As goals go, it seems classically Wizards. In the NBA regular season, eight teams per conference earn a spot in the playoffs. Naturally, the Wizards are battling hard for ninth.
I know it's basically a motivational gimmick. I know the season was lost with that horrific start. I know making it to ninth would be a sign of the team's improvement from that woeful beginning. But still.
Finishing ninth doesn't deodorize the season. It doesn't change the fact that the team wasn't good enough to compete for the playoffs, unlike other teams that suffered significant injuries. And, it doesn't change the fact that major roster work still must be done -- at literally every spot on the floor.
Internally, I'm in favor of teams doing whatever they want to motivate players. If it's hustle charts or pizza parties or video games or striving for ninth -- fine. But don't go public with the team's quest for a moral victory consolation prize. Just say the team will play hard and try to win as many games as possible the rest of the way, and that it hopes to be in the playoffs next year.
So anyway, all that aside, the goal is ninth. What'll it take? Right now, Philadelphia holds that spot with a 30-43 record. I project the 76ers to finish with 34 wins. I project Washington to finish with 32. Somehow they'll need to make up a couple games over their final nine. By my math, the Wizards will need to finish at least 7-2 to have a realistic shot at ninth.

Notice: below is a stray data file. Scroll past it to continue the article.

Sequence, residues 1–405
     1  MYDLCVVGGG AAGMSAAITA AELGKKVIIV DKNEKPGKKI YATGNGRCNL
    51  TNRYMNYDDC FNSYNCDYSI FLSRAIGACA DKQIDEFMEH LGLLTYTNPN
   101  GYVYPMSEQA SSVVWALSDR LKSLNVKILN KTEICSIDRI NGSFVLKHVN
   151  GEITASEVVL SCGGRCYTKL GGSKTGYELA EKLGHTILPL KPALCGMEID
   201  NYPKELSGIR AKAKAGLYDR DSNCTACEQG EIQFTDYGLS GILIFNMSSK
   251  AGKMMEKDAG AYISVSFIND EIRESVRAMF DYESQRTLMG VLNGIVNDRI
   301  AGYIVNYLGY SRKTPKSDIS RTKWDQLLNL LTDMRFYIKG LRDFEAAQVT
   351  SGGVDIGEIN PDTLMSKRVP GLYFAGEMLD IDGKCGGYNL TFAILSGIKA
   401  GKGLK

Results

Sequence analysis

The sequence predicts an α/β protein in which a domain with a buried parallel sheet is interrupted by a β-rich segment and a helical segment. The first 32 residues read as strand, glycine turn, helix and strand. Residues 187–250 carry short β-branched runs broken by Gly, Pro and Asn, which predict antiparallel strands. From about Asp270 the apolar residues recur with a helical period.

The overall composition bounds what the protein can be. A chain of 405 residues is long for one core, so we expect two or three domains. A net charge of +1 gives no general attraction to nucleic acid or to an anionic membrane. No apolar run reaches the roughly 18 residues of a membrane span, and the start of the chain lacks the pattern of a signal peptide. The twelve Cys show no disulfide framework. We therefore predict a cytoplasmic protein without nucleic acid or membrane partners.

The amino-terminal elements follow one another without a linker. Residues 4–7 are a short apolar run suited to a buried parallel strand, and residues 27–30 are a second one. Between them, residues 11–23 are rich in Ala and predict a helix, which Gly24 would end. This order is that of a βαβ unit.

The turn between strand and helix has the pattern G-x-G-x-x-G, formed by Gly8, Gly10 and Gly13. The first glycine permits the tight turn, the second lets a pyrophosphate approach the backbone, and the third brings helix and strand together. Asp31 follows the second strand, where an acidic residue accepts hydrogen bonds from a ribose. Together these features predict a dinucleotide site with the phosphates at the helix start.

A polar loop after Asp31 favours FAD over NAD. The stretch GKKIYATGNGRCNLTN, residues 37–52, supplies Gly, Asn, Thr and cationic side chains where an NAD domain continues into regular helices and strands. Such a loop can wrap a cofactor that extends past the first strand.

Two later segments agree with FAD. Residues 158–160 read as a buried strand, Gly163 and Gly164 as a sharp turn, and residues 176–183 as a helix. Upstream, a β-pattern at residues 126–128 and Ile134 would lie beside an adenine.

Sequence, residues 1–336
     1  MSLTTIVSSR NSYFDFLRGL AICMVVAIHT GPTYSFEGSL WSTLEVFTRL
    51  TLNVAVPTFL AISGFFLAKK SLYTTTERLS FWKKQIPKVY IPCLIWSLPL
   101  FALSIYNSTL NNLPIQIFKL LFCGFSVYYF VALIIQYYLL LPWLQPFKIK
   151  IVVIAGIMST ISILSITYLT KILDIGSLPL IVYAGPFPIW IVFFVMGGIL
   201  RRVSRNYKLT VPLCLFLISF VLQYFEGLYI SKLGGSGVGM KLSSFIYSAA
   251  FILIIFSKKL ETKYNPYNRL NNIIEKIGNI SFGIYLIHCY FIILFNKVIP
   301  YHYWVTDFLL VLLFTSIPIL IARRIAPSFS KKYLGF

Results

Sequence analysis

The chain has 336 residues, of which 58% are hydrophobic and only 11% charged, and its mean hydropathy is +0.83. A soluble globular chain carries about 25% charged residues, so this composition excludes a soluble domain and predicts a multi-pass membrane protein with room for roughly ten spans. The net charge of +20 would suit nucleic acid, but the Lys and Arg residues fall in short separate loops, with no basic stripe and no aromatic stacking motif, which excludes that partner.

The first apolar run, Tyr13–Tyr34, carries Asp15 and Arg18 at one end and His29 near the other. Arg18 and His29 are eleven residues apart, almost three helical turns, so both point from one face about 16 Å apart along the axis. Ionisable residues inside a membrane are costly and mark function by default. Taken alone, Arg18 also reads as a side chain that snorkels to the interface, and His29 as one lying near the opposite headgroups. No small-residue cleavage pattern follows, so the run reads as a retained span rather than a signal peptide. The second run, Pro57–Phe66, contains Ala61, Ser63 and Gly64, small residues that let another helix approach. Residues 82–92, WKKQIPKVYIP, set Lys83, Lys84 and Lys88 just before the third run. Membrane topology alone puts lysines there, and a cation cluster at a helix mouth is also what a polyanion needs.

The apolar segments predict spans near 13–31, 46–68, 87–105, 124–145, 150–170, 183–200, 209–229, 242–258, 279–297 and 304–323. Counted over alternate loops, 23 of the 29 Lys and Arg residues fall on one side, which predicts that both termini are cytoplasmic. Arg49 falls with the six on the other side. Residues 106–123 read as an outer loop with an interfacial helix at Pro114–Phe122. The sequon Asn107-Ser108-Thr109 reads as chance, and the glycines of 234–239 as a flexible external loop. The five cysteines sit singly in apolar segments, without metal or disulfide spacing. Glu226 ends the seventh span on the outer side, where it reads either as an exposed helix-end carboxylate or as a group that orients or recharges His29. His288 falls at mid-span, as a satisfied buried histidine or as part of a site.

So...umm...go Wizards. I guess.
Here's this week's Player Production Average (PPA) update. PPA is a stat I developed that credits players for things they do that help a team win and debits them for things that don't. PPA is pace-adjusted, per minute measure that accounts for defense and includes a "degree of difficulty" factor based on the quality of the opponent during a player's minutes on the floor. In PPA, 100 = average, higher is better, and 45 = replacement level.
Largely a status quo update. The biggest improver was Jan Vesely, who finally raised his PPA out of the single digits. Bradley Beal and Trevor Booker each improved a little. Chris Singleton played even worse than he had been playing.